We compared the classification accuracy derived from our method and derived from SNT volumes. Accuracy was similar for converter vs non-converter MCI, while SNT volumes were slightly more discriminative for AD vs CN (80% to 76%). Note that our approach is fully automatic and fast, while the SNT approach requires the placement of more than 22 landmarks per hippocampus, and the unsatisfactory segmentations were manually edited.
In the second experiment, we have also shown that the pre-processing steps that we kept from those available in ADNI have an effect on the segmentation and/or the classification results. These correction steps appear useful in the present study. Furthermore, we have shown that the normalisation by total intracranial volume does not improve classification results; this may be due to errors in the TIV values (due to CSF segmentation), or to the absence of linear relationship between the volume of the hippocampus and TIV.
Groups are not matched for age and gender, and the database includes more controls than patients older than 80 year old; we have shown that age impacts on the classification results. Furthermore, controls over 80 will correspond to a far more variable population than younger controls, as most of them will have cerebral atrophy and ventricular enlargement, and are likely to have incipient dementias. Age groups should be taken into account when devising a diagnostic tool, and careful considerations should be given to the age range.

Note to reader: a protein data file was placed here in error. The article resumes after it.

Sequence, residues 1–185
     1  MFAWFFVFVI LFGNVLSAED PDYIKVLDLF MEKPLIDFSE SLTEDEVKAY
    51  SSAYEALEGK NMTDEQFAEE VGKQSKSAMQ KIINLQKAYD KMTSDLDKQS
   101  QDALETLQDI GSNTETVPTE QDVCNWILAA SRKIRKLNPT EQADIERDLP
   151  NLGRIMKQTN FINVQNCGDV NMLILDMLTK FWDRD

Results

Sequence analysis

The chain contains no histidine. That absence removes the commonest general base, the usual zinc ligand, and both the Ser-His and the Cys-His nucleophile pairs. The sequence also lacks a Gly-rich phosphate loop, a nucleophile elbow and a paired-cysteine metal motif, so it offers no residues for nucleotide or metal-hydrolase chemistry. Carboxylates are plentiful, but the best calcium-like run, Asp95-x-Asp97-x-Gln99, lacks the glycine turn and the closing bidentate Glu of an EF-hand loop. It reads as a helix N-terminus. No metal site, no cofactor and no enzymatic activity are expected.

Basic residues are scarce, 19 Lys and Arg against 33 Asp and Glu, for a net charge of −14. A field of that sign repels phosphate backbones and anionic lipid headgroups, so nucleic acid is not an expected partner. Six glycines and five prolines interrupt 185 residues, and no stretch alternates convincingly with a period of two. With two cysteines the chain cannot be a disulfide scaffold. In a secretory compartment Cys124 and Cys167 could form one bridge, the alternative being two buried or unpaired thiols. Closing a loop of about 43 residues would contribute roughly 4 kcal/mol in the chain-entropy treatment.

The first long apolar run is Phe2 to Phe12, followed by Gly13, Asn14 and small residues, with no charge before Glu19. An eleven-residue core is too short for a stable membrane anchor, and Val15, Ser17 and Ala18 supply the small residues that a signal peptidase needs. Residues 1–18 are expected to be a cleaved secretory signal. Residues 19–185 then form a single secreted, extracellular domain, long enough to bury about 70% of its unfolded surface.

Finally, results when comparing MCI converters and non converters show that the hippocampus conveys useful information for designing prognostic tools. Nevertheless, hippocampal volume is not yet sufficient for a complete discrimination of the two populations. Shape analysis and/or classification methods using both local and global information may give complementary information and improve classification reliability.